#218: Writer's Block 3/4: Why Discussion and Feedback Are A Writer's Secret Weapon (And How Professionals Use it to Their Advantage)


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How do you speed up your writing process and what causes it to slow down to a crawl?

Surprisingly, discussion and feedback play an incredibly powerful role in unblocking Writer's Block. The more you're stuck, the greater the reason to invite discussion and feedback. The moment you do, it causes you to explain the concepts in a way that catches you totally by surprise!

Click here to read online: Writer's Block 3/4: Why Discussion and Feedback Are A Writer's Secret Weapon (And How Professionals Use it to Their Advantage)


C) Discussion and Feedback If you drop me in Kyoto or Paris, I'll walk happily for hours.

However, the moment I have to exercise, I detest the very concept of walking. And yet, day after day, year after year, we go for a walk. It's healthy of course, and I actually learn stuff or listen to music, but the most crucial part of the walk is the part right up to the traffic lights.

It's about a ten-minute walk from our house to the lights, and that's when I talk to Renuka about what I've been reading or watching. And there are days when Renuka is “sleep walking”, so I'll get nods, but some days she's wide awake, and we have a discussion. If I'm lucky, she'll disagree with almost everything I'm saying.

Discussion is a great way to get prepared to write an article

I remember the author, Malcolm Gladwell drumming home this very point. He tends to find a friend either in person or over the phone, and they discuss the topic. If the friend doesn't respond well, Gladwell knows the idea either needs tuning or needs to be dropped entirely.

If the person gets interested or goes off on their version of the story, Gladwell knows the premise is interesting. It struck me that this method is what most writers tend to do instinctively, yet the ones that struggle don't do it at all, and it puts them at a significant disadvantage.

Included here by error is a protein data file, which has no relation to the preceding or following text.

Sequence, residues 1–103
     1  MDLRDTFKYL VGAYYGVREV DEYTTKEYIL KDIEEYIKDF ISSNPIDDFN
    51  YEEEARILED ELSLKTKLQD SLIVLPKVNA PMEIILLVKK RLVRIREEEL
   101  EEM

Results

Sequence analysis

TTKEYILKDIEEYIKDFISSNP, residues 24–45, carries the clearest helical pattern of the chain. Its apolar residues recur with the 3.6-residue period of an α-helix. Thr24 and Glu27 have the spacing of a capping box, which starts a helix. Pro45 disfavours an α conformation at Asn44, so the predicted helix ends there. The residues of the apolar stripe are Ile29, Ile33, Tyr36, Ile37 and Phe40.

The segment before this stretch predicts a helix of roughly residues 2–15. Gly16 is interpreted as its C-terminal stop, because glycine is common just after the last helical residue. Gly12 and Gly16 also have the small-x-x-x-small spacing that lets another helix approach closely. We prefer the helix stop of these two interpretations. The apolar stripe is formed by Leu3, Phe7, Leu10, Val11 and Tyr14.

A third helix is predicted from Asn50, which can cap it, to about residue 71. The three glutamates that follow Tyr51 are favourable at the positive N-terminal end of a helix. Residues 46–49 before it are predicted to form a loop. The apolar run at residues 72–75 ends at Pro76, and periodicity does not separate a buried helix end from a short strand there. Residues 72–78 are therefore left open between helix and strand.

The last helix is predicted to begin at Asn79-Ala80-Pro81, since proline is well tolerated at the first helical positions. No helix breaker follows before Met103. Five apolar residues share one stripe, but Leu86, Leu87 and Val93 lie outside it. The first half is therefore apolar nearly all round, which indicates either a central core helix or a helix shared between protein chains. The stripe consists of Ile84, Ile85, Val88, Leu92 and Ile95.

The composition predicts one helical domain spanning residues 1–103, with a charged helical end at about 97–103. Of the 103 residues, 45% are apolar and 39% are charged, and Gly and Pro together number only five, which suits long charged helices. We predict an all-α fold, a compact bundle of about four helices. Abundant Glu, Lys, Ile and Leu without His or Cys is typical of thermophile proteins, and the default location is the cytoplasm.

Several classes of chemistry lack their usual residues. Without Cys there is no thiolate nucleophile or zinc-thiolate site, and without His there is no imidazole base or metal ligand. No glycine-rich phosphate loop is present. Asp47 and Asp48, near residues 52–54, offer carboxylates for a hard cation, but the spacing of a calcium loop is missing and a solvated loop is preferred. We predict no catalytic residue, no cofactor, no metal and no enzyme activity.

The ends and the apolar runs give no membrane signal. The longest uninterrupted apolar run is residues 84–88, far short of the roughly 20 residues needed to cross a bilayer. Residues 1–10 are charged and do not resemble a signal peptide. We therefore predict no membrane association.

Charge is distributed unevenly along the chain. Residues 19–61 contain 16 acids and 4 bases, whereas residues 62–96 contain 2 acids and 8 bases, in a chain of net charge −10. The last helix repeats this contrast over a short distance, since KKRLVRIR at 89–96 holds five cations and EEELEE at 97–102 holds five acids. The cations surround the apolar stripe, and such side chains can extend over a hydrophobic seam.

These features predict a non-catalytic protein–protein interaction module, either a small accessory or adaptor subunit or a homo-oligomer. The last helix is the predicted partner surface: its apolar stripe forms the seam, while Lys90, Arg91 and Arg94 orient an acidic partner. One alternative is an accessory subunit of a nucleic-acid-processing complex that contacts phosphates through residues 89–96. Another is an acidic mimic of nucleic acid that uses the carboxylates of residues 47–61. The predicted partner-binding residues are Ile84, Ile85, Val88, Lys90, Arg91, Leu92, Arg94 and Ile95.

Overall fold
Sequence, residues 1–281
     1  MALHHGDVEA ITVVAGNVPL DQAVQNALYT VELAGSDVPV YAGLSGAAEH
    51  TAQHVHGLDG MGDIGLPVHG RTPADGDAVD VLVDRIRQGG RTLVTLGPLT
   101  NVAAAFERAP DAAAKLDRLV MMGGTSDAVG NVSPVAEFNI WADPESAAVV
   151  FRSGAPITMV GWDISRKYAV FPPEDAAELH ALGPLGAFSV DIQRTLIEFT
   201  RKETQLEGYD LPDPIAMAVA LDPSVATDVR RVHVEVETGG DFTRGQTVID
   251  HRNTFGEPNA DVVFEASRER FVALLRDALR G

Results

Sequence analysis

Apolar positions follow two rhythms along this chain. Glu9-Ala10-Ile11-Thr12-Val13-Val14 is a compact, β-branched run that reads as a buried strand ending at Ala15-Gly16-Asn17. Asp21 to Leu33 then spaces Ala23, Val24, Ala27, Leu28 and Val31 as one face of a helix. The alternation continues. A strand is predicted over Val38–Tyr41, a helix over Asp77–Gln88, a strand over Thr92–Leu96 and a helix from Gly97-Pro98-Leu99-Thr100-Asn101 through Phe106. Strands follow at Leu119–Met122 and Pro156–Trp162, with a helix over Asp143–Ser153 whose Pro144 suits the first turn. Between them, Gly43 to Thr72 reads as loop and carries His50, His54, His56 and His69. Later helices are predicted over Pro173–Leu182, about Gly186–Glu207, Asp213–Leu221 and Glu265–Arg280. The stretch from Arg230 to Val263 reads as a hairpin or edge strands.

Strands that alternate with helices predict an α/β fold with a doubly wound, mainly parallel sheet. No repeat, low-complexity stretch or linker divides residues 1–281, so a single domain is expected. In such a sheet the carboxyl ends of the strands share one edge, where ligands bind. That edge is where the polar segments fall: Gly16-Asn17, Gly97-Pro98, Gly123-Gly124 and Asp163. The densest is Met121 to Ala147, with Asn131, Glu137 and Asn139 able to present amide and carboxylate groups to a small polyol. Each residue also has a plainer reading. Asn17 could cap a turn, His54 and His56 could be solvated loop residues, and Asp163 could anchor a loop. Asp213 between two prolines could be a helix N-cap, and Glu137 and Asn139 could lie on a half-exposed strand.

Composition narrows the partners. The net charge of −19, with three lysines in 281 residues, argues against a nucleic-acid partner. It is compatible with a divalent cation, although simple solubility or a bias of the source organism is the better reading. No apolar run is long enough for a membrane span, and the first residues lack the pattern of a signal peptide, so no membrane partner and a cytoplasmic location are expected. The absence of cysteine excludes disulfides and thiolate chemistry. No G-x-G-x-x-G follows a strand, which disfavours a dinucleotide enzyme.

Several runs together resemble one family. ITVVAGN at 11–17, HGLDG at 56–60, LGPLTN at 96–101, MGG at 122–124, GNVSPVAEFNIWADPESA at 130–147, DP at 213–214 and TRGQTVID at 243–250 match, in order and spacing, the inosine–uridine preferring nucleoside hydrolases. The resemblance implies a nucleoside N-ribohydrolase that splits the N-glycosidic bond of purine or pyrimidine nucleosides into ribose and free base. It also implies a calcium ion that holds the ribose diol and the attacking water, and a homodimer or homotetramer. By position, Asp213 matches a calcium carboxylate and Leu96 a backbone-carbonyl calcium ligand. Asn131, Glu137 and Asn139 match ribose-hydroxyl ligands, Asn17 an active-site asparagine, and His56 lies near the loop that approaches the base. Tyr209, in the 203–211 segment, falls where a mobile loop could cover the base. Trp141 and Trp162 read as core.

If you keep your article under wraps, it's your own secret

This secretive nature of ours tends to boil down to one aspect—and it's called insecurity. Sounds harsh, I know, but it's just because we're insecure about our topic, or that we'll be called out in some way.

Feedback rocks our boat so much that we feel happier to simply get on with the job of writing, and avoid this discussion bit completely. It's sobering to note that discussion and exposing your ideas to the world is how great science is done.

Scientists don't tend to work in a bubble

They postulate an idea, or do some research and publish a paper. That paper is examined by others in their field, and they come up with holes in the research or idea. The holes might be so large that the scientist has to go back to almost the starting point if they want to ratify their idea. Is this method frustrating? Is it a big blow to the ego?

Of course. It is

Renuka is not the only source of feedback and discussion. I'll get on WhatsApp and chatter away with a private group. I'll have discussions via e-mail or Messenger. And often, I'll post a rough idea on the forum in 5000bc. If you're wondering why there are so few holes in a lot of the articles or books from Psychotactics, then wonder no more.

Those holes existed. If you look at the courses, e.g. the Sales Page course, it's in Version 3.0. That tells you that the course material of 1.0 and 2.0 had holes. The same applies to the Article Writing Course, or any course, any article—just about everything we do.

This article too will have holes in it, and we know this to be true, because the moment I post it, someone will ask further questions or have clarifications needed. Or, as the case may be, they may disagree with some point or the other.

But feedback is about holes and the discussion is often just for the sake of clarity

When you have an idea or a topic you want to cover, it's a bit premature in your head. When you put it down on paper, on chat, or in a verbal discussion, you have to be more precise in your argument. It forces you to think of analogies. You might say: “You know this topic we're discussing is exactly like the Barbie case study. Remember how…”